If you’ve formatted your hard drive but forgot to back up a directory or file beforehand, or deleted a file accidentally (not just sending it to the recycle bin), there’s a significant chance that the file is recoverable.
Considering the sheer amount of time and work it takes to fully remove data from a hard drive, they don’t actually remove the data, even if you do a quick format. However, the reference data that the operating system uses to determine where the file is located is deleted. This applies to Shift + Delete operations, emptying the recycle bin, and quick formats.
This is why you can delete large files so quickly. If you do need to recover files from deletion or a hard drive format operation (a quick format, that is), bear in mind that it entails sifting through some unintelligible gibberish, and that time is of the essence — Try to recover your data immediately, or the operating system will overwrite the deleted data eventually.
When you delete a file, the area containing your deleted file becomes ‘free space’ on the partition and the OS is allowed to write whatever new files you download or save to it. You can start by running a data recovery utility such as Piriform’s Recuva (this is the company that makes the popular CCleaner utility).
Sadly, Recuva only runs on Windows. There are many other data recovery utilities as well, including but not limited to: TestDisk (this can run on Linux), which is a free, open-source disk utility. There is also PhotoRec for picture recovery. If you’re looking to recover cryptographic keys, music, applications, or anything else, I would try Recuva or TestDisk.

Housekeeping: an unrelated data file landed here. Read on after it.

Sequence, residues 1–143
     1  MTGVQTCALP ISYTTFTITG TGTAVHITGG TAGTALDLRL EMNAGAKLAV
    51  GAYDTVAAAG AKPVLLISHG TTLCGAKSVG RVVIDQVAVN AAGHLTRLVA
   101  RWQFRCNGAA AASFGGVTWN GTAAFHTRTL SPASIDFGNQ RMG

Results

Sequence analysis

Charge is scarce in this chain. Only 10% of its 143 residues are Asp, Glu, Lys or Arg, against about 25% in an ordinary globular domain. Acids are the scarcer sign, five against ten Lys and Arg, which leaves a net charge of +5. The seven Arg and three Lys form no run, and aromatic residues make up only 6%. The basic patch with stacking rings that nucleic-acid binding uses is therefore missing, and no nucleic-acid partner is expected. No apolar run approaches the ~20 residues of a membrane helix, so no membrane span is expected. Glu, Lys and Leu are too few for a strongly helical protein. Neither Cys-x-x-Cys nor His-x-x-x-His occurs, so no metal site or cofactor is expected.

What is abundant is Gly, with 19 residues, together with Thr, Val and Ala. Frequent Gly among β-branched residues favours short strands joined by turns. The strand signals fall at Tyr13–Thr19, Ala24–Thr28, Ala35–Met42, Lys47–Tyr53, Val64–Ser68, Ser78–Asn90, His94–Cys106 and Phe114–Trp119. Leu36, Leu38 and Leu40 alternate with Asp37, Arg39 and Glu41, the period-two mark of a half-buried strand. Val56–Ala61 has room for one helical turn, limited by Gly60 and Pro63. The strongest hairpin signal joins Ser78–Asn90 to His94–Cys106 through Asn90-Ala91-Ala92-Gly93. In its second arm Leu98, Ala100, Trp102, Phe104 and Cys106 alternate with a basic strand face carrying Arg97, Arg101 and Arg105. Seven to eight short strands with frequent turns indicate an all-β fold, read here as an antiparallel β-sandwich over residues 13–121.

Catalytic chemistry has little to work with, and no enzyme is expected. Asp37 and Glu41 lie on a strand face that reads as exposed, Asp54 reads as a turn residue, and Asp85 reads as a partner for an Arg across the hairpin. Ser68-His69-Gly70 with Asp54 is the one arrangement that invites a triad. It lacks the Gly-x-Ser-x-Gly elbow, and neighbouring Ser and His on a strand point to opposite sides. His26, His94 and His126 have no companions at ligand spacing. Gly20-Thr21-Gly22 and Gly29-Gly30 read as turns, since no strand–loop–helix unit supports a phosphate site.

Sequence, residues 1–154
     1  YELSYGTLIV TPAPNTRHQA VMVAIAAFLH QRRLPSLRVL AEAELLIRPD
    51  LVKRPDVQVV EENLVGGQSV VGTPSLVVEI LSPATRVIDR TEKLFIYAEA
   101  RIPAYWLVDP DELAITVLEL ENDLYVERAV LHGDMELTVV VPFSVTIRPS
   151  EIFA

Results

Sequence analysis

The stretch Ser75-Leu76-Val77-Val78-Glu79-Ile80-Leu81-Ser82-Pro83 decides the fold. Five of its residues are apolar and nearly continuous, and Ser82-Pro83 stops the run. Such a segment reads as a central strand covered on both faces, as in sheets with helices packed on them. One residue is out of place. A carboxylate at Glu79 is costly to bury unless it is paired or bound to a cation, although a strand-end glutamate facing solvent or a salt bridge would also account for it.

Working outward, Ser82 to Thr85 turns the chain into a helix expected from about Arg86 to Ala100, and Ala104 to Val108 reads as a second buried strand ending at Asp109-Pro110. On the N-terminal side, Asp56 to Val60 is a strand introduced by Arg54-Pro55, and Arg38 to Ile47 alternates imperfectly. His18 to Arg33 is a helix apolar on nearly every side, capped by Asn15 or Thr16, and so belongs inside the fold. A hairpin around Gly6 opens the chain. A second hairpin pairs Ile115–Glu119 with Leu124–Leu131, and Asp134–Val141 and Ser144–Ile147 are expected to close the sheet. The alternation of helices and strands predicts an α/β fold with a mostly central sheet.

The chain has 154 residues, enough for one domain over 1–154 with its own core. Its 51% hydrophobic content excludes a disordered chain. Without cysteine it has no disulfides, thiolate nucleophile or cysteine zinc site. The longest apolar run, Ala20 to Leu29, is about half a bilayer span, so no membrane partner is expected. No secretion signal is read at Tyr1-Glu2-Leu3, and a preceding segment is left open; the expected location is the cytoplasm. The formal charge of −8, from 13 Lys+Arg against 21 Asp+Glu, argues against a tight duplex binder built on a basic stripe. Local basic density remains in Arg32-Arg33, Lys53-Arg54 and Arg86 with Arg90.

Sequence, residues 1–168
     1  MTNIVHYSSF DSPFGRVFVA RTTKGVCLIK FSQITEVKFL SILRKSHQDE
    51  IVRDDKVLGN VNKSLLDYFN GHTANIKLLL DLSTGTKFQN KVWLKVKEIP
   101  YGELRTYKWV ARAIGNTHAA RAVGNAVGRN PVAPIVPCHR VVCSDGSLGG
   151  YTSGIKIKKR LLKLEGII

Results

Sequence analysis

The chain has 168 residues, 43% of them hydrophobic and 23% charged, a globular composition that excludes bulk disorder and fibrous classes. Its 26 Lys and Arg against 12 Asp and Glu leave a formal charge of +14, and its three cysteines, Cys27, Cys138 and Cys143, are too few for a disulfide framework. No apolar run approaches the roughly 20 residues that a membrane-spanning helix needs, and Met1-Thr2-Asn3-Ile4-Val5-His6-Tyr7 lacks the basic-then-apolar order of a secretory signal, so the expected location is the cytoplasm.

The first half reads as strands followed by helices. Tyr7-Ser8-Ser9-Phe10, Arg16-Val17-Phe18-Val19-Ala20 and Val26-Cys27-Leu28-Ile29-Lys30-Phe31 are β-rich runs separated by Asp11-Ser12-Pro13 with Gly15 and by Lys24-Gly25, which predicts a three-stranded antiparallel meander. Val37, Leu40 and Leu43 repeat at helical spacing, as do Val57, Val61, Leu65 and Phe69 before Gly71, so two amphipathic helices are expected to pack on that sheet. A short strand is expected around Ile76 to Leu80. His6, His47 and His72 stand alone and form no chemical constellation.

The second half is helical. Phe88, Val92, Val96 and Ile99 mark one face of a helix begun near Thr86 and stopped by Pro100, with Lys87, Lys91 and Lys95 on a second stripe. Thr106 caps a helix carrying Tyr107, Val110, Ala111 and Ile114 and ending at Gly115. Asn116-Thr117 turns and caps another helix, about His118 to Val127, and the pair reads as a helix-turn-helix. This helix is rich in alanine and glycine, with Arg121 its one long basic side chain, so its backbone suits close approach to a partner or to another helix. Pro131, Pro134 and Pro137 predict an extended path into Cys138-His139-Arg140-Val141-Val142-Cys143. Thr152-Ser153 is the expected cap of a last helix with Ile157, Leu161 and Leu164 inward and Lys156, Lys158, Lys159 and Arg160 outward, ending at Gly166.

You can install TestDisk on Linux using the following commands on their respective distributions (bear in mind that you may need to type ‘sudo’ before the commands, as these are administrative tasks):
emerge --ask testdisk
apt-get install testdisk
dnf install testdisk
Please muster up as much patience as you can, because files may be difficult to identify, and you’ll see plenty of unrecognizable gibberish. Take your time and sift through absolutely ALL of the directories, even if you don’t recognize them. Please also note that directory structures may not be the same, so you’ll have to do some searching, and it will take a long time. You may not recover all data, but you can most likely recover a good bit of it.
Now that you’re aware of all this, if you’re looking to sell a computer with a hard drive in it but previously used it to store private keys, passwords, or cryptocurrency wallets, you need to perform a secure deletion process by running a data scrubbing utility (CCleaner has a feature for this), just in case the buyer happens to be a thief.
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